Monday, December 28, 2015

Dancing In The Street


 

28 December 2015

We've been walking around the city.  On weekdays, the few we've been here, things are bustling and buzzing with activity.  We're right in the middle of downtown, so there are tons of banks and offices full of workers.  There are also buildings such as ours that are residential, so the streets are packed with people walking, shopping, going somewhere.

But on Christmas Day, and now on the weekend, things are quieter.  Most of the stores have limited hours or are closed altogether.  Caf├ęs and restaurants are closed.  Even many of the museums in the Plaza de Armas area are closed.

One block away from our apart-hotel, our street turns into a pedestrian street.  Or a mostly-pedestrian street.  There's the occasional car that braves the various stalls that seem to appear when the most people are on the street.  

On our way to Plaza de Armas, or the river, there are other pedestrian streets, some with open-air market stalls all along the way.  These streets seem to be constantly packed with people.

Since these streets are closed to traffic, there are street performers all over.  One-man drum bands with drums in front and back, and cymbals on their heads.  (I've seen three or four guys dressed like this.)  Occasional singers with karoake machines.  And of course someone playing the Andean pan pipes, which somehow makes even Beatles music into a haunting melody.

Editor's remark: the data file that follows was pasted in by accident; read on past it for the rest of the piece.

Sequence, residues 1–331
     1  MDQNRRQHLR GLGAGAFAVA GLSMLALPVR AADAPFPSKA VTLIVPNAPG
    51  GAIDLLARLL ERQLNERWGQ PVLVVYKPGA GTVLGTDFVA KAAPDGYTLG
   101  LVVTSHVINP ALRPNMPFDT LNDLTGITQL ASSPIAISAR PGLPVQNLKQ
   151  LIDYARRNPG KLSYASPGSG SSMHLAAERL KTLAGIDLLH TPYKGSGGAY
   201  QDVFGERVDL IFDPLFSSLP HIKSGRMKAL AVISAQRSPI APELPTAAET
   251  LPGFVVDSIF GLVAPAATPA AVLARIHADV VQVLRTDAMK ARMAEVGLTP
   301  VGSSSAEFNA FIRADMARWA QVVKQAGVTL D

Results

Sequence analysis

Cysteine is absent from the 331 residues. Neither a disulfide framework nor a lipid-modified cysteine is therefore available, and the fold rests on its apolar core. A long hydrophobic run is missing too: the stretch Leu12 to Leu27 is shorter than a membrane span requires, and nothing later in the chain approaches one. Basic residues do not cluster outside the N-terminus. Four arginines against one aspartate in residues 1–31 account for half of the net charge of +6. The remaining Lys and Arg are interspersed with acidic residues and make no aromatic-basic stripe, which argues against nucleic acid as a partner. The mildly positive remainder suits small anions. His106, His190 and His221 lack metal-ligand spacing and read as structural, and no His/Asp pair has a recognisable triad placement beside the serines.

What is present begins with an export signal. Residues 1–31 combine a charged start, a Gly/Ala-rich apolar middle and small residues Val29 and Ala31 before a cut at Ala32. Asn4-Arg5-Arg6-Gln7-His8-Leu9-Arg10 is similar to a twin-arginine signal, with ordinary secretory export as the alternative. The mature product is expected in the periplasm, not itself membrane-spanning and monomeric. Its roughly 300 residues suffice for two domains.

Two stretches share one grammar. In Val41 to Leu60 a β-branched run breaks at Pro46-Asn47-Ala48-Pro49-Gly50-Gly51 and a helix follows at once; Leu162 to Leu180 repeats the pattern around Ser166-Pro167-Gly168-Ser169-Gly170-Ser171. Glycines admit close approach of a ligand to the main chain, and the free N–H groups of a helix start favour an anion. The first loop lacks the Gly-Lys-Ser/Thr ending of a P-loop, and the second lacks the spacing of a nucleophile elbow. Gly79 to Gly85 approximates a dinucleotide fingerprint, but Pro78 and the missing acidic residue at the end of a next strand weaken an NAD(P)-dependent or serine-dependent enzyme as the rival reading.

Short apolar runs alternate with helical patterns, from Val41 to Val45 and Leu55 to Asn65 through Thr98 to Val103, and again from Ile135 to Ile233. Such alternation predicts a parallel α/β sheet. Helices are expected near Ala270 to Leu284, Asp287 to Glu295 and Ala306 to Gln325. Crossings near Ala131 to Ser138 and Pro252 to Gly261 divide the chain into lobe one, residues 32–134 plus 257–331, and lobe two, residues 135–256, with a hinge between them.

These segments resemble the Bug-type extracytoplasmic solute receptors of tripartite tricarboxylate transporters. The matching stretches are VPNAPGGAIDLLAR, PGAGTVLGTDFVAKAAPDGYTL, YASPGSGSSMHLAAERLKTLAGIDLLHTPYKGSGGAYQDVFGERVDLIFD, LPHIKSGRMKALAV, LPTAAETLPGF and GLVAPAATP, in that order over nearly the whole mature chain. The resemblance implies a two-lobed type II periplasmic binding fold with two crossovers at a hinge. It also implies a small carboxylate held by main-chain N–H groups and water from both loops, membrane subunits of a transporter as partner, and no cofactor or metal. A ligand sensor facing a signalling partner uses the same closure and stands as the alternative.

Well, we encountered two young men who were dancing.  They were in these black and embroidered suits, with jingly cylinders on their boots, doing sort of a jumping and leaping and twirling and stomping dance.  Looking something like a hybrid between caballeros (cowboys) and whirling dervishes, though probably more gaucho than dervish.  

They were pretty amazing, waving their hats and dancing to their music, leaping and coming down in a kneeling position, count two three and then off they were leaping and stomping, with the boots a-jingling.  Really impressive! 

Plus it was a good 90-something degrees (30-ish C), so even the spectators in the shade were hot and sweaty.  These two young men were dancing their little feet off, sweating away, putting on their performance and hoping to earn some cash.

It was quite a show!  So I'll make the photos large enough for you to see what they looked like.  (I really liked their outfits, too, with something like a phoenix on the back!)






 


 
 


So just in case that wasn't exciting enough, last night was the Neruda Viene Volando festival or parade or something.

Literally translated, it's something like "Neruda comes flying." We weren't exactly
sure what the whole thing was about.  

 Pablo Neruda, poet and politican, Nobel Laureate, is a much beloved figure in Chile. This weekend festival celebrates his life, his poetry, his political beliefs, and his love for his long-time mistress and third wife.